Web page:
I’d been told my entire life by my parents, teachers, and friends, to “come out of your shell”. Why was this an issue? Why was it a problem that instead of going to someone’s house on a weekend, I preferred to stay at home and read? Why was it a problem that I liked to think and work by myself before group projects? Why did anyone feel like it was necessary that I had to be an “extrovert”?
Cain argues that introversion is not a problem at all, but can actually be a person’s greatest strength. Everyone has been given different abilities, and it’s just a matter of knowing yourself and putting yourself in the right environments. In fact, there have been a lot of very influential leaders that were introverts: Rosa Parks, Ghandi, and good old honest Abe! Introversion and leadership are not mutually exclusive. Cain brings up the example of Moses; “we don’t ask why God chose as his prophet a stutterer with a public speaking phobia. But we should. The book of Exodus is short on explication, but its stories suggest that introversion plays yin to the yang of extroversion; that the medium is not always the message; and that people followed Moses because his words were thoughtful, not because he spoke them well.”
Introverts are needed everywhere, even in business! It’s not just an extrovert’s stomping grounds anymore. Because of the overwhelming number of extroverts in the business world, Adrian Schumpeter of The Economist argues that this is why more and more companies need the reflective and long term qualities of an introvert. We need more Mark Zuckerbergs and Bill Gates in a world filled with Steve Jobs and Sheryl Sandbergs.
Now that I embrace my introversion, I realize that some of my core strengths come from my introverted personality. My best work comes from my introspection. Creativity flows my from reflection. I strive to be the best version of myself, not a flimsy mold of what society deems is good.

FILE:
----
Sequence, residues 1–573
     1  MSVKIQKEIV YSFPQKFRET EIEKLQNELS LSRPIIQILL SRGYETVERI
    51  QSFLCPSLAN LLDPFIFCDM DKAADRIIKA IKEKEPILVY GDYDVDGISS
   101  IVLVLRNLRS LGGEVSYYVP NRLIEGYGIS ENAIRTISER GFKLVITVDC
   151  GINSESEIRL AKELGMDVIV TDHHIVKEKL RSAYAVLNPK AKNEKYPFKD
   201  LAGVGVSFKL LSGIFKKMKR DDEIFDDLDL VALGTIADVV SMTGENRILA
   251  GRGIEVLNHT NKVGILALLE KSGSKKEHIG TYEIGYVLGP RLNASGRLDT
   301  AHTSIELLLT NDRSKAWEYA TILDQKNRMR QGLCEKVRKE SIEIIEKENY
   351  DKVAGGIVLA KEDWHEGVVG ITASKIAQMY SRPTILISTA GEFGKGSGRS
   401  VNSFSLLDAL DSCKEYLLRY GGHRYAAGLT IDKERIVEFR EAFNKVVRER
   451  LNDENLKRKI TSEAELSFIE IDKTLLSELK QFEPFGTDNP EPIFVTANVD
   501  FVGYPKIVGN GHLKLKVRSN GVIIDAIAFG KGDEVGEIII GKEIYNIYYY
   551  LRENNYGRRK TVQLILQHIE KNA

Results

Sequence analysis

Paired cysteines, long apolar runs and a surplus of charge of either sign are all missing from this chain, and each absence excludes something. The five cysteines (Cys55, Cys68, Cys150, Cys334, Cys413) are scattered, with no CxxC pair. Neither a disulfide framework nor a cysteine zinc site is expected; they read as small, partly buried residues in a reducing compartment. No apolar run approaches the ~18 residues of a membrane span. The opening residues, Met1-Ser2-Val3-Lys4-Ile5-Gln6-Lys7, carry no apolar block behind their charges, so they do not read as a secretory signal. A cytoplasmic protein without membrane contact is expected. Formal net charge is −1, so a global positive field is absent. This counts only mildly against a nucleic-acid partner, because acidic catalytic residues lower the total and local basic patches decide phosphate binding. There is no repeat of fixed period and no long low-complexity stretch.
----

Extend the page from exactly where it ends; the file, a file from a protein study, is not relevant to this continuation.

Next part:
This by no means is a simple task, and it’s still something I struggle with everyday. But with Cain’s “Quiet Revolution Manifesto”, I’m constantly being reminded that my introversion itself is a strength:
- There is a word for “people who are in their heads too much”— thinkers.
- Solitude is a catalyst for innovation.
- The next generation of quiet kids can and must be raised to know their own strengths.
- Sometimes it helps to be a pretend-extrovert. There is always time to be quiet later.
- But in the long run, staying true to your temperament is the key to finding work you love and work that matters.
- One genuine relationship is worth a fistful of business cards.
- It’s okay to cross the street to avoid making small talk.
- “Quiet leadership” is not an oxymoron.
- Love is essential; gregariousness is optional.
- “In a gentle way, you can shake the world.” —Mahatma Gandhi
So take pride in your personality, introverted or extroverted, because you have the power to change the world as long as you are passionate. It may manifest itself in different ways but the potential is not restricted to how you enjoy your free time. As Susan Cain beautifully states, “we know from myths and fairy tales that there are many different kinds of powers in this world. One child is given a light saber, another a wizard’s education. The trick is not to amass all the different kinds of power, but to use well the kind you’ve been granted.”